We have an election pending and government has woken up to the fact that a large proportion of the electorate live in rented housing! Of course a large percentage of MPs are private sector landlords, so it will be interesting to see how far reforms go.
Sarah Teather’s Tenancies (Reform) Bill was talked out by a couple of filibustering MPs last November but the main parts of the bill have been taken up by government and are now included in the Deregulation Bill. This is due to have its final reading in March after which it will probably receive the Royal Assent and become law.
This will bring in measures to make it more difficult for landlords to evict tenants under section 21 of the Housing Act 1988 if the property is not in proper repair. However tenants will only be able to block section 21 evictions if the landlord fails to respond adequately to a written complaint and their Local Authority then take up their complaint and serve a notice on the landlord.
An adequate response by the landlord is described in the legislation as being a response where the landlord sets out what he is going to do about the problem and a reasonable timescale to do it in.
The Deregulation Bill is also set to amend the tenancy deposit regulations, again. The amendments will resolve the issue raised by the Superstrike case and landlords will no longer have to keep re-serving the prescribed information if the tenancy runs on as a periodic after the ending of the fixed term.
The amendments will also require the protection of tenancies paid before the regulations came into for in April 2007, but there will be a grace period of 90 days after the coming into force of the act, to allow landlords affected by this, time to do it.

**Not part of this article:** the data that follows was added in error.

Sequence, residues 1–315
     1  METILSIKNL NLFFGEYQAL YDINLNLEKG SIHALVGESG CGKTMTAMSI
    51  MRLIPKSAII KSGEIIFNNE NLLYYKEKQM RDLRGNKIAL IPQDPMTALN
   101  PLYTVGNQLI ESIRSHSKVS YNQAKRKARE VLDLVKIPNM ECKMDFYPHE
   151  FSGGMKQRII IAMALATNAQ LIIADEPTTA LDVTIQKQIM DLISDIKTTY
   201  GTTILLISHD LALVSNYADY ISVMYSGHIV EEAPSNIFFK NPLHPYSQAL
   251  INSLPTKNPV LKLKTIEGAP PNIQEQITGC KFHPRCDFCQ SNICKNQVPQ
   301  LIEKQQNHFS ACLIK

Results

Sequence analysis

The Deregulation Bill will also make other changes in respect of section 21. These include:
• Landlords being unable to serve section 21 notices if they are in breach of their various statutory obligations such as the gas regulations and provision of energy performance certificates
• Amendment of the dreaded requirements of s21(4) which has tripped up so many landlords in the past (i.e. the need to put a last day of a period of the tenancy on the notice)
• Landlords will no longer be able to serve s21 notices during the initial four months of the tenancy and court claims will not be able to start before the first six months is over.
• The act also provides for the Secretary of State to specify a prescribed form for section 21 and also
• To require landlords to serve prescribed information on their tenants before a s21 notice can be served
There are even more seismic developments afoot in Wales. The Housing (Wales) Act 2014 will, when it comes into force later this year, require ALL landlords of rented property in Wales to be registered. There will also be a requirement that landlords and agents managing property be accredited and if a landlord is not accredited he will have to arrange for his property to be managed by an accredited agent.
The Renting Homes (Wales) bill will bring in yet more developments including mandatory forms of tenancy agreement.
In view of the big changes coming, my company Easy Law Training is putting on a Conference in Cardiff on 15 May.
No doubt there will be further developments before the election takes place and then again after the election! You can keep up with developments on my Landlord Law Blog at www.landlordlawblog.co.uk